Warren Buffett on 'What if' Succession Plan and His First Tweet Ever
FBN's Liz Claman talks to Berkshire Hathaway CEO Warren Buffett about the importance of equality for women and the future of the company.
Despite the economy’s slow pace, Warren Buffett maintains the U.S. is functioning “pretty darn well now.”
In an interview ahead of the annual Berkshire Hathaway (NYSE:BRK.A) shareholder meeting, Buffett shared with FBN’s Liz Claman his opinions on everything from the state of the economy to Twitter, and from gold to women in the workplace.
“I don’t think the U.S. is terribly vulnerable,” said the Oracle of Omaha, though he admitted the recovery is a lot slower than most would like.
“But it is a recovery, and it’s a constant recovery – and you can say Europe has got plenty of problems,” said Buffett, drawing a line between the U.S. and the euro zone.
Unrest abroad hasn’t shaken Buffett’s commitment to his investments, though.
He reaffirmed his belief in investing for the long-term, and advised investors not to get scared off by headlines in the news.
“I think that investors should own businesses they want to own for 5 or 10 years, and they shouldn’t worry about Cyprus or Europe or anything else, as long as they’re happy with the businesses they own,” Buffett said.
And personally, he said current events did not stand to affect his own decisions: “I’m not going to sell the farm I own or the apartment house I own because of some news that may happen next week or next month.”
Buffett Praises Both Bush and Obama’s Leadership
Talking about the economy, Buffett credited both George W. Bush and Barack Obama, as well as Ben Bernanke, Hank Paulson and Tim Geithner, for their leadership throughout the recession.
“Anybody can look back and second-guess,” said Buffett.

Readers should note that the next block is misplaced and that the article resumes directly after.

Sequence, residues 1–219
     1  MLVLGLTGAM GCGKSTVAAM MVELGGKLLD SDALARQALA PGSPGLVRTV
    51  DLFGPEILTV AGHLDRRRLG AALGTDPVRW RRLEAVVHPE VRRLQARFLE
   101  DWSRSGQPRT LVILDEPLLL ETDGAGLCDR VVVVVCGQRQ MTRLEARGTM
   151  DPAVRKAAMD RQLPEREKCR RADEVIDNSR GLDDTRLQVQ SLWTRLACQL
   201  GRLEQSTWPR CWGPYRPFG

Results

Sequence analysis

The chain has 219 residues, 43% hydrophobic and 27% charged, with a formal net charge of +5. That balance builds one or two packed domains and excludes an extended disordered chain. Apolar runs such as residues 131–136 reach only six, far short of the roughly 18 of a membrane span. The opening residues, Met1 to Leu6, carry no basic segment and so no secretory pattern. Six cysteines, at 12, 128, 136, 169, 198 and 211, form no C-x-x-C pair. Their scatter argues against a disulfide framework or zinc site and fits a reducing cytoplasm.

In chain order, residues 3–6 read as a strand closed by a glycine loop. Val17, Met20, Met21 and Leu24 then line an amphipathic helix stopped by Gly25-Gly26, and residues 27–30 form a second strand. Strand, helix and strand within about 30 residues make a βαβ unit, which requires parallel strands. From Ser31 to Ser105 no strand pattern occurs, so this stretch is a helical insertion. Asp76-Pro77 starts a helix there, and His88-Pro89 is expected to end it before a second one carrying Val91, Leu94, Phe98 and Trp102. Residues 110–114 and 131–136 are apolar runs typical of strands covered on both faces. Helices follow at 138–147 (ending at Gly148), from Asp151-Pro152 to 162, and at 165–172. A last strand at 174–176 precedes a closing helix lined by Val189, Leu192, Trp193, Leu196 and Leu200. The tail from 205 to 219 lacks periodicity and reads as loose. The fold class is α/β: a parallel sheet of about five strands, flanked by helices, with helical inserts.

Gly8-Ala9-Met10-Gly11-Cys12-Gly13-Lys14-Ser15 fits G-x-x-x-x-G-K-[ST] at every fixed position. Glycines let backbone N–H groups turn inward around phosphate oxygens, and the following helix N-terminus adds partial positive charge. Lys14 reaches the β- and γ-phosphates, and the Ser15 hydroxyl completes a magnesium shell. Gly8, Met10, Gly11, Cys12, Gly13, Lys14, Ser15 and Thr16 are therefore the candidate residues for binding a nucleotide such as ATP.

Though he has a positive outlook on the future, Buffett is quick to underscore the severity of the recent financial crisis.
“What we went through in 2008 was something like I’d never seen, and a lot of things that were a whole lot worse than what happened could have happened if we had handled things wrong,” Buffett said.
‘Not a Buyer of Gold or Silver’
Buffett shared a number of his positions with FBN's Liz Claman – including his hard and fast take on gold.
“It just sits there, and you hope someone pays you more for it,” Buffett said. "If gold went to $1,000, I wouldn’t be a buyer, and if it went to $800 I wouldn’t be a buyer.”
He then pointed out that in 1965, a share of Berkshire Hathaway was worth only $15, and gold was at $35.
“You could have bought two shares of Berkshire for an ounce of gold – little more than two shares – and so far two shares of Berkshire has been better,” he said.
And the same goes for silver. While Buffett admitted that silver has “more utility” than gold, he said definitively, “I’m not a buyer of gold or silver.”
Buffett’s Succession Plan – and the Role of Women
Earlier Thursday, Buffett made a web-viral splash by joining Twitter – a move he said was primarily to lead eyes to an article he wrote for Fortune magazine on the importance of women in the workplace.
“I wanted to get out two messages. Women have been held back in a very major way both by exterior factors – primarily by exterior factors in the first century of this country – but also by interior factors,” he said.
In the article, Buffett mentioned that he had a leg up on his two sisters just by the sheer fact that he had been born male – and not because of any superior intelligence or skills. He encouraged women to stop looking at themselves in “funhouse mirrors” and doubting their own abilities, citing Washington Post Publisher Katharine (Kay) Graham as an example of a woman who needed to conquer self-doubt in order to succeed.
But when it came to his successor at Berkshire Hathaway, Buffett refused to share any details – but indicated that if something were to take him from the wheel in the short term, the next CEO will be a man.
“If I pick up 13 spades and my heart goes out, the board tomorrow morning will have somebody, and I’ve used the pronoun ‘he,’ and it’s a ‘he,’” said Buffett. “And he will be very good.”
But in 10 or 15 years’ time, Buffett said the CEO could very well be a woman, adding, “I hope it is.”
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